You have a better chance of successful conversion by using XSD.exe provided that you follow the caveat. What CLR namespace you choose to use is immaterial and is not something that will affect the wire format. They are local artifacts affecting only your .Net solutions.

Step 2 - Incorporate the generated file into your project

The next step is to incorporate the generated file into your project and begin using the types in that files to design your Service Contract as if you are dealing with normal WCF DataContract types.

The main thing to note is that each class generated is adored with the XmlTypeAttribute declaring the Namespace corresponding to the targetNamespace in ACME, like this:
    public partial class Employee : Person {
        // . . . 

It is vitally important that this namespace is maintained when we generate the Service Contract documents for this type.

Step 3 - Mark the Service Contract with XmlSerializerFormatAttribute

This is a very important point. You may apply this attribute to only those Contract Operations that require to use XmlSerializer. In my case since every operation is using this serializer, I apply this attribute to the entire service contract. If you do not apply this attribute, types that came from ACMEEnterprise.xsd will be placed under the targetNamespace of "http://schemas.datacontract.org/2004/07/ACME.Enterprise" like this:
<?xml version="1.0" encoding="utf-8"?>
<xs:schema xmlns:tns="http://schemas.datacontract.org/2004/07/ACME.Enterprise"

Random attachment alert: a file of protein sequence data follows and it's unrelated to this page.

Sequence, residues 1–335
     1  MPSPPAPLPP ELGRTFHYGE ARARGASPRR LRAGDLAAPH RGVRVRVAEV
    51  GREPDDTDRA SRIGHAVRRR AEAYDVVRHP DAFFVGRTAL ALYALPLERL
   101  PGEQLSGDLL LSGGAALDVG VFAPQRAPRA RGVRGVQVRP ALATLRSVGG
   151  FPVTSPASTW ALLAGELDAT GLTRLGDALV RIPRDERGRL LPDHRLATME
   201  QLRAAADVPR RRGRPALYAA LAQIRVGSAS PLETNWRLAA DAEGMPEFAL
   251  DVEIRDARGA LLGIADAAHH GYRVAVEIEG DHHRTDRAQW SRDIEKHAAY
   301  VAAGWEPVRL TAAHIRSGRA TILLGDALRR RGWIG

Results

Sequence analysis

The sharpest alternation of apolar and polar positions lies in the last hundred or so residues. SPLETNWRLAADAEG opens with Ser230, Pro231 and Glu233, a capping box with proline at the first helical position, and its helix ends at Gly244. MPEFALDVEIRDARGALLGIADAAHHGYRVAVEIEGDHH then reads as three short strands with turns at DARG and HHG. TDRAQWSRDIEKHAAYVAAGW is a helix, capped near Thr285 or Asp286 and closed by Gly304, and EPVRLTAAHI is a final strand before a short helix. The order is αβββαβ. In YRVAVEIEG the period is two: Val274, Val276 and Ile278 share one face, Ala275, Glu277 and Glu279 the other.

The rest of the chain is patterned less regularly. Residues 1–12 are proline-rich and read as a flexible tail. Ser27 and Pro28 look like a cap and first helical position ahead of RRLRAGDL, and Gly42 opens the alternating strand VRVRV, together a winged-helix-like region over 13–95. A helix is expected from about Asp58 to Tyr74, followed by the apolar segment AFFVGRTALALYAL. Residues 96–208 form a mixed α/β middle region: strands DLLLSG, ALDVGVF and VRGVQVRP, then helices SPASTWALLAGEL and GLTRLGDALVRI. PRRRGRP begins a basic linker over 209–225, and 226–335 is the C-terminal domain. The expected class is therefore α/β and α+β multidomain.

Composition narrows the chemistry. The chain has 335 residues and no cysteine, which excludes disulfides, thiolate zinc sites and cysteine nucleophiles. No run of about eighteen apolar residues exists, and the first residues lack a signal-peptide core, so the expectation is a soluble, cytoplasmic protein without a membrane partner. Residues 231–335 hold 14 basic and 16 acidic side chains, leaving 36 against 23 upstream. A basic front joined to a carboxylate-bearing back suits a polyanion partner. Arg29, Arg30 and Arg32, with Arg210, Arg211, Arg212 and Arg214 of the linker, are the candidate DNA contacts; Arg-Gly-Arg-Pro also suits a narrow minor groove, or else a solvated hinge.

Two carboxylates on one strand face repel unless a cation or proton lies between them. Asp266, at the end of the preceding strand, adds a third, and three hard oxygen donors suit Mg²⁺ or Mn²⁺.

<xs:complexType name="Person">
      <xs:element name="ageField" type="xs:int" />
      <xs:element name="firstNameField" nillable="true" type="xs:string" />
      <xs:element name="genderField" type="tns:Gender" />
      <xs:element name="hobbyField" nillable="true" type="xs:string" />
      <xs:element name="lastNameField" nillable="true" type="xs:string" />
      <xs:element name="secretNumberField" nillable="true" type="xs:long" />
This effective produces a different type on the wire. The use of XmlSerializerFormatAttribute retains the original targetNamespace.

Step 4 - Build the WCF Service Library and Generate the Contract documents

After you have finished building the WCF Service Library you can use SvcUtil.exe to produce the Service Contract documents. The process will generate the WSDL as well as the companion XSD files. While this process with the aid of XmlSerializerFormatAttribute preserves the targetNamespace, as shown below, for the types that are used in this service library and placing them in a XSD file resembling the original XSD file, the process is at best of low fidelity. That is the process loses information that are in the original documents deem not needed in WCF. Information such as <annotation>, <documentation>, and <restriction> elements are lost. The schema file only contains a subset of the types described in the original schema; it includes only types used in the service.